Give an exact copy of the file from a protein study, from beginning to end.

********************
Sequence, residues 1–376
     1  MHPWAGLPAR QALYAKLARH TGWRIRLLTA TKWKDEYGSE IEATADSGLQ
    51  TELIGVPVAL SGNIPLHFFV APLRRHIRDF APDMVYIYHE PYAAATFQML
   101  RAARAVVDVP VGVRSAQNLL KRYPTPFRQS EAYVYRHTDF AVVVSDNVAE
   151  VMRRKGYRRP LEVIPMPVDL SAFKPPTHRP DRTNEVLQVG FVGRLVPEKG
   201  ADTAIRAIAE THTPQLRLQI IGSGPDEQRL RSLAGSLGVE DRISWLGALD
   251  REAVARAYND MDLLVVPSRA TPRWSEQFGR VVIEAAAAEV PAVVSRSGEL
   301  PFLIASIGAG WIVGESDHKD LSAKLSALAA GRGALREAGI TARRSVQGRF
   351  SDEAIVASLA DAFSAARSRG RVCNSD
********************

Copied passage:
Sequence, residues 1–376
     1  MHPWAGLPAR QALYAKLARH TGWRIRLLTA TKWKDEYGSE IEATADSGLQ
    51  TELIGVPVAL SGNIPLHFFV APLRRHIRDF APDMVYIYHE PYAAATFQML
   101  RAARAVVDVP VGVRSAQNLL KRYPTPFRQS EAYVYRHTDF AVVVSDNVAE
   151  VMRRKGYRRP LEVIPMPVDL SAFKPPTHRP DRTNEVLQVG FVGRLVPEKG
   201  ADTAIRAIAE THTPQLRLQI IGSGPDEQRL RSLAGSLGVE DRISWLGALD
   251  REAVARAYND MDLLVVPSRA TPRWSEQFGR VVIEAAAAEV PAVVSRSGEL
   301  PFLIASIGAG WIVGESDHKD LSAKLSALAA GRGALREAGI TARRSVQGRF
   351  SDEAIVASLA DAFSAARSRG RVCNSD